From BiblePortal Wikipedia

Vine's Expository Dictionary of OT Words [1]

A. Verb.

Nâqam ( נָקַם , Strong'S #5358), “to avenge, take vengeance, punish.” This root and its derivatives occur 87 times in the Old Testament, most frequently in the Pentateuch, Isaiah, and Jeremiah; occasionally it occurs in the historical books and the Psalms. The root occurs also in Aramaic, Assyrian, Arabic, Ethiopic, and late Hebrew.

Lamech’s sword song is a scornful challenge to his fellows and a blatant attack on the justice of God: “… for I have slain a man to my wounding, and a young man to my hurt. If Cain shall be avenged sevenfold, truly Lamech seventy and sevenfold” (Gen. 4:23-24).

The Lord reserves vengeance as the sphere of His own action: “To me belongeth vengeance, and recompense … for he will avenge the blood of his servants, and will render vengeance to his adversaries” (Deut. 32:35, 43). The law therefore forbade personal vengeance: “Thou shalt not avenge, nor bear any grudge against the children of thy people, but thou shalt love thy neighbor as thyself: I am the Lord” (Lev. 19:18). Hence the Lord’s people commit their case to Him, as David: “The Lord judge between me and thee [Saul], and the Lord avenge me of thee: but mine hand shall not be upon thee” (1 Sam. 24:12).

The Lord uses men to take vengeance, as He said to Moses: “Avenge the children of Israel of the Midianites.… And Moses spake unto the people, saying, Arm some of yourselves unto the war, and let them go against the Midianites, and avenge the Lord of Midian” (Num. 31:2- 3). Vengeance for Israel is the Lord’s vengeance. The law stated, “And if a man smite his servant, or his maid, with a rod, and he die under his hand; he shall be surely punished” (Exod. 21:20). In Israel, this responsibility was given to the “avenger of blood” (Deut. 19:6). He was responsible to preserve the life and personal integrity of his nearest relative.

When a man was attacked because he was God’s servant, he could rightly call for vengeance on his enemies, as Samson prayed for strength, “… that I may be at once avenged of the Philistines for my two eyes” (Judg. 16:28).

In the covenant, God warned that His vengeance may fall on His own people: “And I will bring a sword upon you, that shall avenge the quarrel of my covenant …” (Lev. 26:25). Isaiah thus says of Judah: “Therefore saith the Lord, the Lord of hosts … Ah, I will ease me of mine adversaries, and avenge me of my enemies” (1:24).

B. Noun.

Nâqâm ( נָקָם , Strong'S #5359), “vengeance.” The noun is first used in the Lord’s promise to Cain: “Therefore whosoever slayeth Cain, vengeance shall be taken on him sevenfold” (Gen. 4:15).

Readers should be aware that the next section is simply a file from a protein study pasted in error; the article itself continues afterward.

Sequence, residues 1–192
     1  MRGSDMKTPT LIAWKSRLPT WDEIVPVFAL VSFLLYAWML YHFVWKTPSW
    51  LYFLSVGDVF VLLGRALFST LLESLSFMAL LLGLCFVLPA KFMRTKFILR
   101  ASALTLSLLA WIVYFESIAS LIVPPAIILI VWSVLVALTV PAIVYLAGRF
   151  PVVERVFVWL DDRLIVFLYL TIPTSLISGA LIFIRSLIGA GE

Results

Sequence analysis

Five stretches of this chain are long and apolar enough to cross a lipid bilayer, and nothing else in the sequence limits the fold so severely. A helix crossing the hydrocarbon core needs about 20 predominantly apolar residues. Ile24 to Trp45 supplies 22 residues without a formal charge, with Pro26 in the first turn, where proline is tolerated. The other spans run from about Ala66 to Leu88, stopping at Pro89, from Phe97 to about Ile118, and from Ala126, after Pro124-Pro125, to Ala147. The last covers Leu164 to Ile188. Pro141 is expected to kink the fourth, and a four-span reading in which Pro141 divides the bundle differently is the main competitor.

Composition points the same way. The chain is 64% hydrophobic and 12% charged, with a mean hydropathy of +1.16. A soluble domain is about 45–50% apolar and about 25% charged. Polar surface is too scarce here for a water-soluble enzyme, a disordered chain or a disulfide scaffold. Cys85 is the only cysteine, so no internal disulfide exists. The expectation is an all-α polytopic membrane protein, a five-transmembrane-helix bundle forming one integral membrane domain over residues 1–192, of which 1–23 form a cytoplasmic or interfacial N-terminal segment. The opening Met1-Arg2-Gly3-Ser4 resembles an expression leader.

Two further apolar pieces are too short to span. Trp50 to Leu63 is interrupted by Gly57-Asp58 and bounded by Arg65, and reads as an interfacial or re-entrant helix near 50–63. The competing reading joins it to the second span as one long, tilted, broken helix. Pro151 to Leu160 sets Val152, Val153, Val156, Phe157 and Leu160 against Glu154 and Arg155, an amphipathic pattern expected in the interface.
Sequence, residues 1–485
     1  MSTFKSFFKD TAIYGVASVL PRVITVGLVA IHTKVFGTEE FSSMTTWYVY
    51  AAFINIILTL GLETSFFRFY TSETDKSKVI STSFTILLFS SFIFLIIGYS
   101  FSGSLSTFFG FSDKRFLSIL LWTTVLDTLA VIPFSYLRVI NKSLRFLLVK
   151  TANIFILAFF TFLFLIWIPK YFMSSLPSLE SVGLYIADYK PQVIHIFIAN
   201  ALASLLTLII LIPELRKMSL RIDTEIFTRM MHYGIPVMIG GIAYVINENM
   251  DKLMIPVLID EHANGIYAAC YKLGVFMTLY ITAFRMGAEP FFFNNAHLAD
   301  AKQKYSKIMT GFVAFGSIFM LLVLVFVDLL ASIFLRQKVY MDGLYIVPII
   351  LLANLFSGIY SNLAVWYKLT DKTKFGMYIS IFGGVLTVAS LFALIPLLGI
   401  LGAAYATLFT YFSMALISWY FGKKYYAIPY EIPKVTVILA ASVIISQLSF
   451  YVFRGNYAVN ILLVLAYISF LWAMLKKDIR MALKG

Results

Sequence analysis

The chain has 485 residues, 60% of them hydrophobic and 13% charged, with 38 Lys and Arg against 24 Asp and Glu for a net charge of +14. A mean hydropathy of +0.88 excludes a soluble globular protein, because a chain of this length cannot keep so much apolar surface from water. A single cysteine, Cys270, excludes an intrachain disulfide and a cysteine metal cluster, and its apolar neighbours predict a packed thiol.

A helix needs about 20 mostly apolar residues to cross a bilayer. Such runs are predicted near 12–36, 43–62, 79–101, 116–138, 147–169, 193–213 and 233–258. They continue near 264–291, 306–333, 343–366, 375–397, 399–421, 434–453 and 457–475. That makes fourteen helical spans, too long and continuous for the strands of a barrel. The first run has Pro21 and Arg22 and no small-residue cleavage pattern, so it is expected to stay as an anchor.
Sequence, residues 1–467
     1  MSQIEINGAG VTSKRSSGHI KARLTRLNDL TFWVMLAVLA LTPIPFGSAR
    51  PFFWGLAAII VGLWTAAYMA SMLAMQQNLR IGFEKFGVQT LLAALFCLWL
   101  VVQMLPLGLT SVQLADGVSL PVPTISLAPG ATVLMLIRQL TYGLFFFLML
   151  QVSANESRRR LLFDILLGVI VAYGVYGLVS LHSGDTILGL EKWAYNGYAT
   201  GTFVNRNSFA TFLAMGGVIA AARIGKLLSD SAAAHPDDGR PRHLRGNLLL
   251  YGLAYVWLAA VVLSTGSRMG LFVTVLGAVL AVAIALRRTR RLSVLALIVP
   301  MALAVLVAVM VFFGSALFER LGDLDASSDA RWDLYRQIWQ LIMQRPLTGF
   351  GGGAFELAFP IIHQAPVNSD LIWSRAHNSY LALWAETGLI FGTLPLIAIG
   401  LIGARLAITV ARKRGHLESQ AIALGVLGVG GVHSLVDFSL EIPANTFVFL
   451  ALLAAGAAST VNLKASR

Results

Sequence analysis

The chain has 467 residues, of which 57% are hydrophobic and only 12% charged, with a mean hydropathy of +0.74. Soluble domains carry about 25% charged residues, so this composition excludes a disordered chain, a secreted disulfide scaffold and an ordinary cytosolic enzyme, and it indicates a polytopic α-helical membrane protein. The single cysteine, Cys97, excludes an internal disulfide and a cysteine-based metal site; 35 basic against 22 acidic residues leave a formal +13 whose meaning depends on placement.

In some instances a man may call for “vengeance” on his enemies, such as when another man has committed adultery with his wife: “For jealousy is the rage of a man: therefore he will not spare in the day of vengeance” (Prov. 6:34).

The prophets frequently speak of God’s “vengeance” on His enemies: Isa. 59:17; Mic. 5:15; Nah. 1:2. It will come at a set time: “For it is the day of the Lord’s vengeance, and the year of recompenses for the controversy of Zion” (Isa. 34:8).

Isaiah brings God’s “vengeance” and redemption together in the promise of messianic salvation: “The Spirit of the Lord God is upon me; … he hath sent me … to proclaim the acceptable year of the Lord, and the day of vengeance of our God …” (61:1-2). When Jesus announced that this was fulfilled in Himself, He stopped short of reading the last clause; but His sermon clearly anticipated that “vengeance” that would come on Israel for rejecting Him. Isaiah also said: “For the day of vengeance is in mine heart, and the year of my redeemed is come” (63:4).

King James Dictionary [2]

AVENGE, avenj'. L. vindex.

1. To take satisfaction for an injury by punishing the injuring party to vindicate by inflicting pain or evil on the wrong doer.

Shall not God avenge his own elect.  Luke 18 .

Avenge me of my adversary.

In these examples, avenge implies that the evil inflicted on the injuring party is a satisfaction or justice done to the injured, and the party vindicated is the object of the verb.

2. To take satisfaction for, by pain or punishment inflicted on the injuring party.

He will avenge the blood of his servants.  Deuteronomy 32 .

Here the thing for which satisfaction is taken is the object of the verb.

3. To revenge. To avenge and revenge, radically, are synonymous. But modern usage inclines to make a valuable distinction in the use of these words, restricting avenge to the taking of just punishment, and revenge to the infliction of pain or evil, maliciously, in an illegal manner. 4. In the passive form this verb signifies to have or receive just satisfaction, by the punishment of the offender.

Shall not my soul be avenged on such a nation as this?

 Jeremiah 5 .

Webster's Dictionary [3]

(1): (v. i.) To take vengeance.

(2): (v. t.) To take vengeance for; to exact satisfaction for by punishing the injuring party; to vindicate by inflicting pain or evil on a wrongdoer.

(3): (v. t.) To treat revengefully; to wreak vengeance on.

(4): (n.) Vengeance; revenge.